The Higher Public Prosecutor’s Office in Sarajevo also indicted Teso Tesic and Dusan Borovic for genocide, this time in Vlasenica. However, a second-instance verdict acquitted them of all charges.   

The ICTY in 2004 pronounced Radislav Krstic and Vidoje Blagojevic guilty of abetting and supporting the commitment of genocide in Srebrenica, sentencing them to 35 and 15 years in prison respectively.  

Indictments for genocide committed in other parts of Bosnia and Herzegovina have been filed before the Hague Tribunal, but not proved.

The indictment filed against the former President of the Bosnian Serb assembly Momcilo Krajisnik, who was sentenced to 20 years in prison this year, was one such.

The verdict summary in 2009 said that “although the committed crimes represent an act of genocide”, the presented evidence did “not prove that the genocide was committed as part of joint goals of the joint criminal enterprise, in which, according to evidence, Krajisnik participated, or the existence of specific intentions, which is necessary for commitment of genocide”.  

The former Bosnian Serb president Biljana Plavsic was charged in 2001 with genocide and complicity in genocide. But those counts were dismissed after she struck a guilt admission agreement in 2002 as a result of which both the charges and the length of her prison term were substantially reduced.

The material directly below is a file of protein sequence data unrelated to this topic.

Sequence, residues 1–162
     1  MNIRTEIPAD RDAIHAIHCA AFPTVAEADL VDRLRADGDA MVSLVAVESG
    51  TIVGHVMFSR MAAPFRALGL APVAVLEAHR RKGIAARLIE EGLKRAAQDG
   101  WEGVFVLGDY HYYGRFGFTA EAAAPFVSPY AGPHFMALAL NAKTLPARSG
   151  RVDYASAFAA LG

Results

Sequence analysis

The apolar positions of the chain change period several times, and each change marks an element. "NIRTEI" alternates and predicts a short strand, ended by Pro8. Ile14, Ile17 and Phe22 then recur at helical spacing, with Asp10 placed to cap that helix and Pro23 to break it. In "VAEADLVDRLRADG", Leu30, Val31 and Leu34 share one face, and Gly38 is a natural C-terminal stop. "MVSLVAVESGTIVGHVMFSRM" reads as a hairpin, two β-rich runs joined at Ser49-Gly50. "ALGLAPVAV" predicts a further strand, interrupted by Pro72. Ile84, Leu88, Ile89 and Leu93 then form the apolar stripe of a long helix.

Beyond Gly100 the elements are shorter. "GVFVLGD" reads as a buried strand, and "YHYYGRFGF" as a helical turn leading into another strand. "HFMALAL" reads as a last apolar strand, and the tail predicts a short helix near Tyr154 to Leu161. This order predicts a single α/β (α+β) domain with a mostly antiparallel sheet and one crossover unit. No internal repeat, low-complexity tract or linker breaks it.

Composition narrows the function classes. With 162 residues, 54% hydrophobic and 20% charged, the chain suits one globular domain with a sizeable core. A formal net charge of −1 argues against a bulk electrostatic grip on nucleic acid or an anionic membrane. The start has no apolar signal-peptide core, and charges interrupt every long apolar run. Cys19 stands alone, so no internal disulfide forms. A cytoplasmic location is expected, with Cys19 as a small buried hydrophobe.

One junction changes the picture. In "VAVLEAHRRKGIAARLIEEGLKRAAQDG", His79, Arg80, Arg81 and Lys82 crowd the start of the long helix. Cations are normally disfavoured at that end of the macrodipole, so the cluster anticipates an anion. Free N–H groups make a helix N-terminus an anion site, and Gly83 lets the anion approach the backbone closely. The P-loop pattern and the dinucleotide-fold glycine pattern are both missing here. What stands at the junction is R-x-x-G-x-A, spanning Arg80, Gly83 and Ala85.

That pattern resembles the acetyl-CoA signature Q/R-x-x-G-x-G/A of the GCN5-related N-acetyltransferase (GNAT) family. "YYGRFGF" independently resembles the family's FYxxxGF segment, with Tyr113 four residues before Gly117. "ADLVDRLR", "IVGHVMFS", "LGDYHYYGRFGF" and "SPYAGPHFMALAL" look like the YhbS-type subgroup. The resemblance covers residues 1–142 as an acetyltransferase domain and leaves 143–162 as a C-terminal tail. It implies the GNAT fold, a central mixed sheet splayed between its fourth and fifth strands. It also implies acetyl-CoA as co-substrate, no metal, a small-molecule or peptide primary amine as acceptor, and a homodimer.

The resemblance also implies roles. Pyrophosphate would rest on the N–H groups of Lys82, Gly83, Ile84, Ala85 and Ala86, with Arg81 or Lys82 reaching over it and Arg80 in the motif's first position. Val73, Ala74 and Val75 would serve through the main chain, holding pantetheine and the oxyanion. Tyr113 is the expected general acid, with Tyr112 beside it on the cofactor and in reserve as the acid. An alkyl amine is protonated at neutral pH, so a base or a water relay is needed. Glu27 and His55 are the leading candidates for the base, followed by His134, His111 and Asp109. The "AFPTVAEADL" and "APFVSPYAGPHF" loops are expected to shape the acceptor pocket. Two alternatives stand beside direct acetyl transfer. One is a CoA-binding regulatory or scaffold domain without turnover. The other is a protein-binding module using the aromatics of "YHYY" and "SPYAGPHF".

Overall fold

Plavsic was sentenced to 11 years in prison and released last month after having served two-thirds of her sentence.  

The ICTY charged Goran Jelisic in 1995 with genocide in the northern Bosnian town of Brcko but the allegations were dismissed by the first-instance verdict. He then reached a guilt admission agreement in 2001 and was sentenced to 40 years’ imprisonment.  

In the Karadzic trial, the ICTY Prosecution will try once more to prove that genocide was committed in the broader area of Bosnia and Herzegovina, starting in 1992, not 1995, and maintaining that the Srebrenica massacre was only a culmination of those crimes.  

Milosevic’s half-time verdict:

The ICTY Trial Chamber made “a half-time” decision at the trial of Slobodan Milosevic, saying that the Prosecution “had presented sufficient evidence to pronounce the indictee guilty of all charges contained in the indictment, unless the indictee manages to rebut the evidence during the course of his own evidence presenting”. However, Milosevic died before the end of the trial.  

According to the decision of the Trial Chamber in June 2004, the evidence presented to date showed that “the joint criminal enterprise participants, including Slobodan Milosevic, indeed committed genocide in Brcko, Prijedor, Sanski Most, Srebrenica, Bijeljina, Kljuc and Bosanski Novi”.

Geoffrey Nice, who on behalf of the ICTY Prosecution proved Milosevic’s participation in genocide, explained to Justice Report that genocide “is the matter of purpose and forethought by individuals who are linked with each other in a certain criminal way”.